Holly MacKenzie is a contributing writer for SLAM and Hardwood Paroxysm. Her SwaggerJack column runs weekly here. Today's topic is Baron Davis and a requiem for the Unstoppable.
Like I said last week, sometimes you'll get stuck with me and my thoughts on the state of the NBA. Today is one of those times. Since Camby was traded to the Clips last night, getting to join Baron in LA, I decided I want to talk about the end of the Warriors as I knew and loved them. Obviously, I am a Lakers fan. Sometimes people get very frustrated with me because they are unable to understand how I can love so many players and teams in this league while still remaining loyal to the Lakeshow. This guy has even gone so far as to call me a sports bigamist.
Over the past couple of years, I became a fan of the Warriors. I think it probably started with Baron. I'm sure it grew with Monta and Nellie, but without a doubt the moment my Warrior love was in full force was when Jax was traded mid-season to Golden State. While everyone else was unsure, I knew I loved it because I knew all he needed was a fresh start and fans to embrace him. Where better than Oakland, with Baron and the boys quickly piecing together a team you could cheer for.
Over the next two seasons as we all watched transfixed on our couches, favorite sports bars or if you're on the East Coast like me, in your bed for that 11:30pm tip off, the Warriors did not disappoint. Nellie was on the sidelines smirking, smiling slyly, just as we were. He was able to do this because he is one of those mad professor types. So brilliant, he is mad. So brilliantly mad, he had a team without rules, or where the biggest rule was to be loose. And loose they were.
With their play reminiscent of the 80's style that made me fall in love with the game the Warriors relied on Monta's quickness to defy all laws of speed and strength, Jax jacking three's from near halfcourt and of course Baron bailing them out whenever they needed it, evoking memories of Magic and his wizardry in a shorter, stouter package.
Baron was always up for that challenge, only getting bigger, better and more dangerous as the game clock wound down. Especially so, against my Lakeshow. And while I can never, ever root for another team to grab a victory against my boys I did find myself wishing one overtime would turn into two, and two into three because Baron had captured my attention and I just wanted to watch him create.
The swagger, the smile and of course the shots that would terrify with any other player only made sense with Baron and these Warriors. If Jax was their heart then Boom was the engine, fueling them to a brighter tomorrow with each victory. The culture in the team was built through Baron, balling in such a way that they believed and so did we. Being able to watch those boys take down Dirk, Avery and the Mavs was a culmination of it all. Davis meeting Goliath.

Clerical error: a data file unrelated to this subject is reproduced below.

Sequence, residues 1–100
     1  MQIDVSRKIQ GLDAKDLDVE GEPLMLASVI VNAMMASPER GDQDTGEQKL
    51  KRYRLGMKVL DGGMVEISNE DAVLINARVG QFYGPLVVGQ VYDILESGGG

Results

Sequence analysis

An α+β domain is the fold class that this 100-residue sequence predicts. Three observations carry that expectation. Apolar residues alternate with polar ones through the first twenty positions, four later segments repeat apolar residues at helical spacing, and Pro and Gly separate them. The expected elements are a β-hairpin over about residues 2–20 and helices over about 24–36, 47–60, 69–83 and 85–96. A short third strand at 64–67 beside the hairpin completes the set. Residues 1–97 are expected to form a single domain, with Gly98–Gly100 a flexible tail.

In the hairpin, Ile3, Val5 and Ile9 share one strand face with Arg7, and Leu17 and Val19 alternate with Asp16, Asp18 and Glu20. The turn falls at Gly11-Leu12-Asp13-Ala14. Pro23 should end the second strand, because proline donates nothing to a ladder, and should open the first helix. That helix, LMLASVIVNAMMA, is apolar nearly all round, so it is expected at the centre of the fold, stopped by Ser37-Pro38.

For all of the people living in Oakland, wanting and needing something to believe in, the Warriors proved that the underdog can come out on top and that when it is Baron Davis leading the charge, giant hearts can defeat the giant.
For Harrington, Monta, Mullin, Nellie, Crazy Jax and a bang-up free Baron, they found their yellow brick road in Oracle, only instead of it being made of stone it was made of fans, 19,596 deep. A sea of yellow signifying the beating pulse to the team that taught a city how to dream once again.
Spring of 2007 brought magic to the Bay. Against those Mavericks who were not only the number one seed, but were expected to crush this Golden State team who had waited so long to get there the Warriors came ready to battle and earned their name.
From the chants to the t-shirts, those 19,596 fans were joined by millions worldwide sitting at home feeling the beat build inside of them as they became a part of that pulse, and a part of history.
While Oakland allowed Oracle to become their home sweet home, the Warriors were able to find themselves once again. Monta carving out his place as one of the fastest men in the L, Crazy Jax turning into Captain Jack before anyone could raise an eyebrow, Harrington finally being able to add up more than one or two successful games in a row and Baron piecing together the parts of his body until he finally was able to play out a season at full strength. Nellie began to look like a genius again and Chris Mullin was able to breathe easy and get through the day without worrying about job security.
Regardless of what was happening outside, as soon as a foot was firmly planted inside the O, whether fan, player or personnel, all else was forgotten as Warrior basketball became the focal point. The much-maligned franchise finally was on the map again and while Mr. Davis may be moving back to his first home, the people of the Bay will not soon forget the gift that he gave. He gave them relevancy and he gave them greatness, if only for awhile.
With Baron gone, so are the Warriors as we know it. Sure, we've still got Monta and his speed and Jax and his heart, but the essence of the Warrior was in these guys together. The three who made us all believe.